Unfortunately, there has never been a time in American history where the advancement of African-Americans, or even the possibility of it, did not inherently mean the loss of a white person’s status or place in society. Through centuries of slavery, decades of Jim Crow, intentional disenfranchisement and disrcrimination, and rampant violence and even murder, it has been shown that when whites are at risk of having their status as the dominant force of society threatened, they will do whatever it takes to ensure that it does not happen. Restricting the civil rights of African Americans seemed as American as any other cultural element of the nation, in the North and especially in the South. De facto and de jure segregation in the North and the South were permitted by society, but not law technically, and by law, respectively. Racism pervaded in many ways: gentrification, redlining, segregation of the military, job discrimination, etc. The enactment of such laws was rationalized by a fear that white supremacy and the white race was being threatened and had African Americans had the opportunity to climb the social hierarchy and surpass white Americans and become equal, it would throw off the natural order of White superiority and dominance. Yet, African Americans persisted, challenging the limits of White privilege and the White consciousness, including but not limited to de facto and de jure laws in an effort to claim their civil rights. “All men created equal” was a statement that did not apply to the African American community and the racial disparities between them and all others, people of color or not, has not ended. Unfortunately, the Trans-Atlantic slave trade set the conditions for the conquest of nations, but set the stage for how African Americans would have to contend with prejudicial, discriminatory and racist institutions that are ingrained in the working of the United States.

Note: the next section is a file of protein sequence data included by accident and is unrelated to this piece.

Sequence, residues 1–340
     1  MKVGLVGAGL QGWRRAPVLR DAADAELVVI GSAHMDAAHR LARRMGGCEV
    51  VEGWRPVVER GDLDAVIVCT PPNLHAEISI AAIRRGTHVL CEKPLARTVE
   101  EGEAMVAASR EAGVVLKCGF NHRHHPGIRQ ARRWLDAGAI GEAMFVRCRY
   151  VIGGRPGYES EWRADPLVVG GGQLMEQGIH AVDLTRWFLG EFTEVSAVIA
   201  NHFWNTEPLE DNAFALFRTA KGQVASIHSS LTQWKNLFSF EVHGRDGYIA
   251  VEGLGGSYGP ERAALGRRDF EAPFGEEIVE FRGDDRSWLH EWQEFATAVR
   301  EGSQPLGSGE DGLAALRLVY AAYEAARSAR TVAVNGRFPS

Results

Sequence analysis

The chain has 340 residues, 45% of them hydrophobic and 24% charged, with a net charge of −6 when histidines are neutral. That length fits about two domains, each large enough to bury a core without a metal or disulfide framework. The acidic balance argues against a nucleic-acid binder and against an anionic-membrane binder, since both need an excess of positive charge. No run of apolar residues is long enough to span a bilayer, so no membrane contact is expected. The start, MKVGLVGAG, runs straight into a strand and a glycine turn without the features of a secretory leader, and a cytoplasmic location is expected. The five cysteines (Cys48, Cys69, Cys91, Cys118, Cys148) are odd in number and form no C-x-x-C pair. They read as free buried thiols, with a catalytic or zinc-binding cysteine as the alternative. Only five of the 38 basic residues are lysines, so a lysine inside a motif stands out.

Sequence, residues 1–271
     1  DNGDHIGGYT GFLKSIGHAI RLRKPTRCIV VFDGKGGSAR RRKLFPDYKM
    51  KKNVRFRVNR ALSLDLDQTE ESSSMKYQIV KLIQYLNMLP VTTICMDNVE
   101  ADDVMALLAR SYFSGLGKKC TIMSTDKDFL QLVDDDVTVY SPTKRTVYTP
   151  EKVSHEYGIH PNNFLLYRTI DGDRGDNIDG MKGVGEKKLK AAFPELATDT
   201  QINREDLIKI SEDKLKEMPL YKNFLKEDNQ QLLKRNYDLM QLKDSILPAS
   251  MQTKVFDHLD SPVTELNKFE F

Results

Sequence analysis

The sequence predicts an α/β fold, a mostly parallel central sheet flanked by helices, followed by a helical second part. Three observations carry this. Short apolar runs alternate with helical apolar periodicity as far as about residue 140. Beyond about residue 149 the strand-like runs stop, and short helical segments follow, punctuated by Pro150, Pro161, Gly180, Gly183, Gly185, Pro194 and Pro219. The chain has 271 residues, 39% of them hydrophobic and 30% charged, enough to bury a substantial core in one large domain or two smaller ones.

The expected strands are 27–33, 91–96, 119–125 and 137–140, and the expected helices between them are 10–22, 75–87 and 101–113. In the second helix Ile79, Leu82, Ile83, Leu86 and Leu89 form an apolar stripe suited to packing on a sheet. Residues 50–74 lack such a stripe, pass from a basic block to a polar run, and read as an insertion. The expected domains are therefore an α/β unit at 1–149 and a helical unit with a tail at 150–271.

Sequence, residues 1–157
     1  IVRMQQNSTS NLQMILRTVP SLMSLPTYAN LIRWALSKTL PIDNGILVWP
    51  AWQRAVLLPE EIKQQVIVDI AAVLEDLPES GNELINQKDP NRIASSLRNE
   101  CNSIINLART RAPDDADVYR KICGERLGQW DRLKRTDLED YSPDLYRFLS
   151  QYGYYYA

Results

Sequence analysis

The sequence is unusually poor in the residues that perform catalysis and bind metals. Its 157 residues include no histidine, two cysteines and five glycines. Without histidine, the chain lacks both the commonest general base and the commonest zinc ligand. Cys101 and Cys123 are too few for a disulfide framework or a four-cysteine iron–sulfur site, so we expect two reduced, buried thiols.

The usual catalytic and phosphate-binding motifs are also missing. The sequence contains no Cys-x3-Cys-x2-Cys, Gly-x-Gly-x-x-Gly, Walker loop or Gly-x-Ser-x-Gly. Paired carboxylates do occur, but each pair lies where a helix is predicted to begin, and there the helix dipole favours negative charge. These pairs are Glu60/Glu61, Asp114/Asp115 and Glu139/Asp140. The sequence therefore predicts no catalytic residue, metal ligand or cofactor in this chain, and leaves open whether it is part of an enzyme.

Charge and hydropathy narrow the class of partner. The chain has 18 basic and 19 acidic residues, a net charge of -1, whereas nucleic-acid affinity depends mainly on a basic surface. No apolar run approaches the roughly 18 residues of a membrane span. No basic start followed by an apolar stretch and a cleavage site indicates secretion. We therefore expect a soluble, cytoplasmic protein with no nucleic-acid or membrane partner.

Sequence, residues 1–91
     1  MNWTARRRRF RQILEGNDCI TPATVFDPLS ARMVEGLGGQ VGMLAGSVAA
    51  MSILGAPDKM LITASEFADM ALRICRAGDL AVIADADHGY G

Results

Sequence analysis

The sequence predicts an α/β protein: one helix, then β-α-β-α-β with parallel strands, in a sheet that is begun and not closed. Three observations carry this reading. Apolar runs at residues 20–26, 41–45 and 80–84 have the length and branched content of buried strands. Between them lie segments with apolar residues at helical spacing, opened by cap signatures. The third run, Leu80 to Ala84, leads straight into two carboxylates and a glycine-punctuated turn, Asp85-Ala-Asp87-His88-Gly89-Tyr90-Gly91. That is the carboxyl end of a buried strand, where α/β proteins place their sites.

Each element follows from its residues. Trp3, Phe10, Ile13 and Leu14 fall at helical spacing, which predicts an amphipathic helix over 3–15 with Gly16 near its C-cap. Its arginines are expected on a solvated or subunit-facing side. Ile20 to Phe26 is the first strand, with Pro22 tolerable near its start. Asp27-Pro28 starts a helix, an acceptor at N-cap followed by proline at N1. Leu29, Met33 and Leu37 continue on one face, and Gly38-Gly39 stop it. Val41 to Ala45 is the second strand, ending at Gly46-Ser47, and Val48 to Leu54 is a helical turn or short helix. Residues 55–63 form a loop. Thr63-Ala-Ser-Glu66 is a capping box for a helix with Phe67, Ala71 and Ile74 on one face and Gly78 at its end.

Even as former president Barack Obama hoped to bring the country together through his historic presidency that was campaigned on hope and equality, it stands that race itself remains a point of difference in every person’s individual life experiences. There is no hope of a post-racial society, nor should there be; to expect this would be intellectually and morally dishonest, as well as naive. A post-racial society cannot come through racial or ethnic diversity and it is such because the nation should have to contend and reckon with the actions of centuries of people that allowed racism to set the tone for the rest of time to come for no reason other than racial anxiety and an inflated, undeserved sense of superiority. The hope for a post-racial society is an attempt at revisionist history, ignoring centuries of disenfranchisement and mistreatment of an entire people so that those who bear indirect responsibility feel better about the past. The post-racial America of which some speak is merely theoretical; it is not realistic. Racism is still just as real, pervasive and ugly as it was in the 1960s. To some, it can be considered even worse than then, when racism was outright and overt; today, racism can be subtle and mechanisms of a system that still insists on keeping like disproportionate. Racial profiling, the school-to-prison pipeline, zero-tolerance policies in schools, the War on Drugs and other social and governmental movements still push intolerance on an entire community. Institutional practices like those previously mentioned, from legalized discrimination and Black Codes that preceded Jim Crow, hindered the social, intellectual and economic progress of African Americans. African Americans did and unfortunately continue to weather the storm that is discrimination, prejudice and racism all into one on several scales.

Presently, we are in a quite divisive state, especially along racial and ethnic lines due in part to backlash from the presidential election campaign cycle, replete with division anti-black, anti-Muslim and anti-Hispanic rhetoric, using fear to play up the anxieties of those who do not want social order disrupted. While the media certainly plays a role in adding sensation to the matter, any true and authentic measure of race relations must take into account history, understanding that racially-charged and inflammatory events did not start with African Americans.

  • Godsil, R. D., & Richardson, L. S. (n.d.). Racial Anxiety. Iowa Law Review,102(5). Retrieved November 8, 2017.
  • Rao, S. (2016, May 13). Watch W. Kamau Bell Explain Difference Between Racism and Prejudice to Stephen Colbert. Retrieved November 08, 2017, from http://www.colorlines.com/articles/watch-w-kamau-bell-explain-difference-between-racism-and-prejudice-stephen-colbert